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evoke feelings of admiration and sympathy for knights who furthered the cause of Christianity and who remained constant to their faith. Unquestionably, the bounds of realism are strained in this poem, since the young Bevis is snatched away from his Christian home when he is only seven, yet he remains constant to the tenets of his faith while living among people who have only disdain for that creed. Even after he has committed himself to Josyan and demonstrated his determination to maintain his fidelity to her despite temptation and hardship, his commitment to his faith holds a higher place in his system of values, as he makes clear when he insists that she must convert to Christianity before he can marry her.

Like the young hero of Wolfram von Eschenbach’s Parzifal (c. 1200-1210), a work contemporary with Bevis of Hampton, the title character of this romance is presented as a model of the Christian knight, fighting not only for himself but also for his Church, exhibiting the virtues one should emulate. The audiences of romance expected such instruction, and the entertainment they gained from hearing of the knight’s exploits simply reinforced the lesson they gained from seeing Christianity triumph over other religions. The ability of knights such as Bevis to overcome great odds in serving his faith simply gave evidence to them that God, who had come down to earth to establish the Christian faith, would always support those who fought for His cause. This theme explains both the action and motivation of heroes who were much beloved by audiences of centuries ago.

Bevis of Hampton is of special importance because it also contains typically English elements and thus serves as a fine example of the transition from the rude Anglo-Saxon tales to the more refined French romances that prevailed after 1066. This quality of the poem may be seen by the later additions of much foreign material to a typically English celebration of a local hero. Although early romances are seldom found to have great unity of plot, Bevis of Hampton probably violates this principle as much as such a form can. As a metrical romance, Bevis of Hampton is not a success, but it is historically significant and contains that most common charm of early tales: the exuberant force of great events told in a fast-moving, sometimes even humorous, fashion.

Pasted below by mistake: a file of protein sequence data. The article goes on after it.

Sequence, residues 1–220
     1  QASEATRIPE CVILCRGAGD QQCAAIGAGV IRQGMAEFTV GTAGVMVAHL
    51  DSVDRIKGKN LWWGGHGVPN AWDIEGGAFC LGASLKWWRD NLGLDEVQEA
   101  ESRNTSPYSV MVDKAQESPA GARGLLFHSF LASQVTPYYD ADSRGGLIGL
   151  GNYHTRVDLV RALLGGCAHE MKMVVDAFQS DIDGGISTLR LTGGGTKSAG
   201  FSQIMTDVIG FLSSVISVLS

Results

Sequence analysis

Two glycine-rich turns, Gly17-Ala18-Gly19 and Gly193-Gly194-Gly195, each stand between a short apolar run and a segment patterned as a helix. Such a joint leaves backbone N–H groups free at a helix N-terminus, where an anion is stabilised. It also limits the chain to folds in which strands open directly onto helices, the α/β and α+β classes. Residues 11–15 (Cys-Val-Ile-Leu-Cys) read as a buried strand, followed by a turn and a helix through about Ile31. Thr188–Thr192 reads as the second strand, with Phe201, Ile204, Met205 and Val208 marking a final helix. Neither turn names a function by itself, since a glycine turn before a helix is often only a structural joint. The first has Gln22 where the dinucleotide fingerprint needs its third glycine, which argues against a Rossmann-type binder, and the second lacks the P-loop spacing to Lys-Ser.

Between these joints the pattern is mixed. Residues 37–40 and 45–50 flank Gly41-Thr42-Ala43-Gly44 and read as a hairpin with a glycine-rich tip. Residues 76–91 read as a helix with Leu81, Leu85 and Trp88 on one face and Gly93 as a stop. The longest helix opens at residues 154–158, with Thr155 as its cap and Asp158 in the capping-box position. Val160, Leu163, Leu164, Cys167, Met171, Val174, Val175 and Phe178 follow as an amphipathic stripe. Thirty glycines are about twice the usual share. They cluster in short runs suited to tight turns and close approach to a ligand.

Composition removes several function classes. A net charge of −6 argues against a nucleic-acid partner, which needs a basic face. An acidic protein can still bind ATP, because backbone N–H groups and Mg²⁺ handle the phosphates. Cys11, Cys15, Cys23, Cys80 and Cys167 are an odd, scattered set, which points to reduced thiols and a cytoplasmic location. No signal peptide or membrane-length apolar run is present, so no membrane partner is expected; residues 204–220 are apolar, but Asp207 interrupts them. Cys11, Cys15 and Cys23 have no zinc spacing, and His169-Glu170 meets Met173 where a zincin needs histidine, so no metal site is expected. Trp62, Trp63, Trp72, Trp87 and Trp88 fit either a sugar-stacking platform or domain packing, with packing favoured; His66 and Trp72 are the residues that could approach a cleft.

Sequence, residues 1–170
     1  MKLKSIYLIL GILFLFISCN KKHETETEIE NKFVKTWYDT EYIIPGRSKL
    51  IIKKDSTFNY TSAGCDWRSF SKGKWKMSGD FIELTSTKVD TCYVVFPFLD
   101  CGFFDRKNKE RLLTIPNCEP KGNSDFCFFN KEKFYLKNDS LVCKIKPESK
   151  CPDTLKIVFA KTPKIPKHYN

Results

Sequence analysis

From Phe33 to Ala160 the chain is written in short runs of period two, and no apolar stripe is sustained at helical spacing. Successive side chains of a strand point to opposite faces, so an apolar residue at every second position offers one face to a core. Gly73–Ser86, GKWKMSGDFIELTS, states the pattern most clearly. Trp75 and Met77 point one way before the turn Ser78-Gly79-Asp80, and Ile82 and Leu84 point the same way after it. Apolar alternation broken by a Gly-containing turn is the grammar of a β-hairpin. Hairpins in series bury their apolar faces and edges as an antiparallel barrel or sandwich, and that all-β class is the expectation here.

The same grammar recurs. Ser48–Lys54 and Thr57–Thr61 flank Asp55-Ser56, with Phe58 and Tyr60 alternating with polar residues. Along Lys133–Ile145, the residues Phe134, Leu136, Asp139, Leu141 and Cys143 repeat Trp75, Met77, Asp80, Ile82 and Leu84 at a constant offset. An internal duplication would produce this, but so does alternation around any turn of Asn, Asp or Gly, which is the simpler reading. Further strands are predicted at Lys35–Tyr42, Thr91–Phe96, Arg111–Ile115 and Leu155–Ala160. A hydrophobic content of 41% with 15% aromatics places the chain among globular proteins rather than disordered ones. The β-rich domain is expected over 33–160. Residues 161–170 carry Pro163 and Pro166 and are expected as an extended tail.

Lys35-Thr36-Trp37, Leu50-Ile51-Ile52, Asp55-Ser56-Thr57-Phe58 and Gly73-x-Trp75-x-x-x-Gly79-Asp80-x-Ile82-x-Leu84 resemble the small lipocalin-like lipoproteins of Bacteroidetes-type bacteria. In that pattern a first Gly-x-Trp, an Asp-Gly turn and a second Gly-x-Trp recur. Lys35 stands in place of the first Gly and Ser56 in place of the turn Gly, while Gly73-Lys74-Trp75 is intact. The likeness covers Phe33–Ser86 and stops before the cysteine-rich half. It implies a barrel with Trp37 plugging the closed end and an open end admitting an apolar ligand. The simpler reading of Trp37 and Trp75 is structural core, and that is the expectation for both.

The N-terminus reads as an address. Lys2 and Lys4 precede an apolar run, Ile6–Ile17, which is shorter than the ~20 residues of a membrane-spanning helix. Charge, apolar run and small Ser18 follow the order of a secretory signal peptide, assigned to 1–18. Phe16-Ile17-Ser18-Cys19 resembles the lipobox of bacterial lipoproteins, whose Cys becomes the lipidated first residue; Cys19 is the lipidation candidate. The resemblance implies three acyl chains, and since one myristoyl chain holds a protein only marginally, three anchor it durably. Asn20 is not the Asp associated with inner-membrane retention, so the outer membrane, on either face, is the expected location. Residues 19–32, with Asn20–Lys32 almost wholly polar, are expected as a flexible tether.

Bevis of Hampton is often spoken of and linked together with Guy of Warwick: both English heroes upholding the Christian faith in Saracen lands, valiant youths from a very early age. They are both Crusades knights, although the romance of Bevis of Hampton is far more Christian in theme and characterization.

The story of Bevis probably originated in France; there are three different versions in verse and one in prose. The poem was translated into Italian, Scandinavian prose, Dutch verse, and Celtic versions. Its popularity is further attested to by the numerous references in other medieval works.

From studies of the dialect, it appears that the work was composed in the south of England, probably near Southampton, where Bevis is supposed to have been born.

The narrative encompasses a longer period of time than many medieval romances; it begins when Bevis is sold into slavery at the age of seven, continues through the time when his grown sons fight alongside him, to the moment when both he and his faithful wife die within a few minutes of each other, presumably at a mature age.

Although there is little character differentiation, there are realistic touches such as detailed description of hand-to-hand combats, of weapons, and of military engines. The author also shows his knowledge of London in the passages where Bevis and his sons resist the inhabitants aroused by the king’s evil steward.

The author uses an entire arsenal of the material of romance: typical expressions of grief, pious benedictions, greetings, oaths, similes, transitional phrases, promises, character traits, methods of wounding and slaying enemies. Much of this repetition is necessitated by demands of the rhyme scheme of metrical romance. Bevis of Hampton begins with the oral formula of the typical metrical romance, probably used by traveling minstrels to gather crowds in a marketplace: “Lordinges, herkneth to me tale!” This tale moves rapidly, has a Christian theme carefully adhered to, and, not unlike other such romances, has comic touches in several scenes. It celebrates one of England’s earliest and most stalwart heroes.


Bevis of Hampton